10 Best Exercises To Do in Your 50s To Slow Down Aging, Expert Says
As you grow into your 40s and 50s, your health becomes more of a priority than ever before. Aging brings on many curveballs and changes, including the loss of lean muscle mass (around 3% to 8% every 10 years, according to research) and a slowed-down metabolism. That's why it's crucial to consistently lead a healthy, active lifestyle to stay on top of your wellness game. Eating a diet chock-full of lean protein, fruits, and veggies, in addition to getting in weekly workouts are must-dos. If you need some assistance with the fitness portion, we've put together some effective exercises to slow aging in your 50s and beyond.
You may already be aware that exercising can extend your life. As a matter of fact, according to a study published in the journal Circulation, researchers discovered that individuals who stuck to the minimum physical activity guidelines—150 to 300 minutes of moderately intense exercise or 75 to 150 minutes of vigorously intense exercise on a weekly basis—decreased their chances of dying early. How much? By a whopping 21%!
You may also know that strength training is king when it comes to slowing down the aging process through exercise. This is because it helps sculpt muscle, which in turn will keep your metabolism high and your body feeling youthful and healthy. After all, strong muscles mean a strong you, since losing lean muscle mass can infringe on your independence and make you feel weak.
Now, let's get into the top 10 exercises to slow aging in your 50s and beyond. Aim for three to four sets of the below.
Dumbbell Romanian Deadlifts
Let's get things started with the Dumbbell Romanian Deadlift. Grab a set of dumbbells, and position them in front of you. Keeping your chest tall and knees soft, hinge your hips back while dragging the dumbbells down your thighs. Once you get a solid hamstring stretch in, drive your hips forward, squeezing your glutes to finish the motion. Perform three to four sets of 10 reps.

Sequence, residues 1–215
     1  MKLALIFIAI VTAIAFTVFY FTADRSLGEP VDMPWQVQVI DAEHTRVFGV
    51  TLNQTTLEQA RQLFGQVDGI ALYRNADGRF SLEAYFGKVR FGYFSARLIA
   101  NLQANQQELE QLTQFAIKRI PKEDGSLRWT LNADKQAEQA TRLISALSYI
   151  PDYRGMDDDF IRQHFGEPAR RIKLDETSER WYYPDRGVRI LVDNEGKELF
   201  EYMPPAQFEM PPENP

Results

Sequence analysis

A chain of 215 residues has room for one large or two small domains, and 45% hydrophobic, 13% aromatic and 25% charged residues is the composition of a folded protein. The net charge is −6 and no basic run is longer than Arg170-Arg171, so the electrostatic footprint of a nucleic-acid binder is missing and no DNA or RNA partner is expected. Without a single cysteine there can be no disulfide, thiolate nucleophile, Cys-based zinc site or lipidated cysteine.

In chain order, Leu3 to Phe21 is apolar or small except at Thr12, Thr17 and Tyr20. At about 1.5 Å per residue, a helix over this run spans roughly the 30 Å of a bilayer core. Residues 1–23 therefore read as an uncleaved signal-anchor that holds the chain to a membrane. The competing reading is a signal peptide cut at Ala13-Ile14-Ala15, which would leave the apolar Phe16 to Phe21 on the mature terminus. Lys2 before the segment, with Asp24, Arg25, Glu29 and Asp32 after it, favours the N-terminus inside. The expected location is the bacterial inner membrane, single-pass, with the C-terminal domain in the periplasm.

Neutral Grip Lat Pulldowns
Get ready for Neutral Grip Lat Pulldowns. Grab the parallel grip attachment at the lat pulldown station. Your palms should be facing you. Lean back just a bit as you bring the handle down to your sternum, squeezing your upper back and lat muscles. Resist on the way back up until you get a full stretch at the top. Perform three to four sets of 10 reps.
Start your Dumbbell Step-Ups by grabbing a set of dumbbells and placing your foot on a bench or sturdy surface. Lean your weight into the heel of your front leg, pushing off of it to step up. Keep your core tight and your chest tall as you do this. Flex your quad and glute at the top of the movement, then step down using control before performing another rep. Perform three to four sets of 10 reps for each leg.
Incline Neutral Grip Dumbbell Bench Press
This next exercise begins with you lying down on an incline bench. Holding a dumbbell in each hand, position them up with your palms facing each other. Pull your shoulder blades back, then lower the dumbbells. Get a solid chest stretch at the bottom of the movement, then drive the dumbbells back up, flexing your triceps and upper pecs. Perform three to four sets of 10 to 12 reps.